• New Zealand's latest plastics ban is hoped to remove problematic plastics from the environment.
    New Zealand's latest plastics ban is hoped to remove problematic plastics from the environment.
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New Zealand has implemented a ban on thin plastic bags for fresh produce in supermarkets, along with produce labels, single-use straws and cutlery. 

The ban on single-use plastic bags includes those made of recyclable plastic, biodegradable and compostable plastic. Thin plastic bags for re-packed produce are still allowed under the new regulations, under the condition that the plastic bag forms an integral part of the packaging. This includes sealed bags for fruit or vegetables, or plastic sleeves and bags for lettuce and herbs.

The New Zealand Ministry for the Environment is recommending fibre-based produce bags that are free from Perfluoroalkyl and Polyfluoroalkyl Substances (PFAS), reusable bags, or even just avoiding bags altogether when possible. 

Non-compostable plastic produce labels for fruit and vegetables are also to be banned. The regulations will only allow produce labels which are made from certified biodegradable plastics suitable for home composting. The ministry says labels used on produce intended for export are exempt, as are labels on imported produce (the latter until 2025).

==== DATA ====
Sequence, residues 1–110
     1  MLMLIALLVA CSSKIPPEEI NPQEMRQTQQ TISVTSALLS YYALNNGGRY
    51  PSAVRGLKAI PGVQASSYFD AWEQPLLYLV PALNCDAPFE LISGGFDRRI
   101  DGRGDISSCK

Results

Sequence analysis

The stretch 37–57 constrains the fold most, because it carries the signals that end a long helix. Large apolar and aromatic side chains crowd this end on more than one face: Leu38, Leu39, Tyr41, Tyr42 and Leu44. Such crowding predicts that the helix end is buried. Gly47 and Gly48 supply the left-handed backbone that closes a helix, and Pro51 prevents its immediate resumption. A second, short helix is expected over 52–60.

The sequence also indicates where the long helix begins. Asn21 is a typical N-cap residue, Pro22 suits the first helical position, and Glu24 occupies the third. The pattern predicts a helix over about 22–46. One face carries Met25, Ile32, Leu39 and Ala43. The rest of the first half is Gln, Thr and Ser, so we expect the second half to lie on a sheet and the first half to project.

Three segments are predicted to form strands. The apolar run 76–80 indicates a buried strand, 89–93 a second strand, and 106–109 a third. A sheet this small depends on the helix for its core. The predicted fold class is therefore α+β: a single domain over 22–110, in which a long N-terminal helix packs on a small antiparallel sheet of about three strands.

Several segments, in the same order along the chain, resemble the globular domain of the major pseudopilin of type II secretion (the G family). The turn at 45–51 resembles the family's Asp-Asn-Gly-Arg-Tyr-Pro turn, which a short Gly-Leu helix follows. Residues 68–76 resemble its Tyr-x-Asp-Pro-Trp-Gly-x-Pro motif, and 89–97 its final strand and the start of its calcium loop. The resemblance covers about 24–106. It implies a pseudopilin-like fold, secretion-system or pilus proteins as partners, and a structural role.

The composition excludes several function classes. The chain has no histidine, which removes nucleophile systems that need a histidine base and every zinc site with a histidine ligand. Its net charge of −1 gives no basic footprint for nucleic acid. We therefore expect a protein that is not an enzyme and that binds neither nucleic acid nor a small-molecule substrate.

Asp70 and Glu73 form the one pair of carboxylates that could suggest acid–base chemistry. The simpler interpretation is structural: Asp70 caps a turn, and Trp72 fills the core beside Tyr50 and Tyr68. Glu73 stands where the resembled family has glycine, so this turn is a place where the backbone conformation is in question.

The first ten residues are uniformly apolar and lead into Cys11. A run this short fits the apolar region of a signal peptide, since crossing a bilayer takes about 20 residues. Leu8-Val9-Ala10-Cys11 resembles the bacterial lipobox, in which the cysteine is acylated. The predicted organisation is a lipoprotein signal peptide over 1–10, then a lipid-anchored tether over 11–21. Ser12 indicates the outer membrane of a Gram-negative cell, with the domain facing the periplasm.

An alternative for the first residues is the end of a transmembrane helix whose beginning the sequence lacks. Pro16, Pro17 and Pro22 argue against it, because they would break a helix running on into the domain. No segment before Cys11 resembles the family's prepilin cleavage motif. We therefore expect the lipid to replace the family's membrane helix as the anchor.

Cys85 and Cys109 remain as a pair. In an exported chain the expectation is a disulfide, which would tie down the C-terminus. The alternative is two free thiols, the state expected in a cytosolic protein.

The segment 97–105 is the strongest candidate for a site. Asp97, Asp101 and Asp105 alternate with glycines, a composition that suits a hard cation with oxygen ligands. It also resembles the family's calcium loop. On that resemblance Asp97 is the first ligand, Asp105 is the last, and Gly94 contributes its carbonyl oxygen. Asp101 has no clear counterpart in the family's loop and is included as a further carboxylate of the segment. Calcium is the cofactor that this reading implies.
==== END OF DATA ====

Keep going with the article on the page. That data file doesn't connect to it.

The new ban is the second step in New Zealand's plan to remove problematic plastics.
The new ban is the second step in New Zealand's plan to remove problematic plastics.

Single-use plastic drinking straws will still be available in certain circumstances, such as for disabled people or those with health conditions. Manufacturers will still be able to sell straws to certain entities, such as pharmacies and healthcare facilities, but they may not be openly displayed. Furthermore, straws that are attached to a beverage box are exempt from the new regulations until January 2026. 

The New Zealand government states that this is the second step in a three-step plan to phase out problematic plastics in the country. The first step was carried out in October last year and included items such as polystyrene food and drink containers. From mid-2025, the final step will be enacted, which expands the ban to all PVC and polystyrene food and drink packaging not already removed from circulation.   

Each year, the ministry says, every New Zealander sends around 60kg of plastic waste to landfills. Only five per cent of soft plastics are recycled in New Zealand each year, and with the latest bans, the ministry estimates 150 million plastic produce bags will be removed from circulation each year -- that is 17,000 bags every hour of every day.

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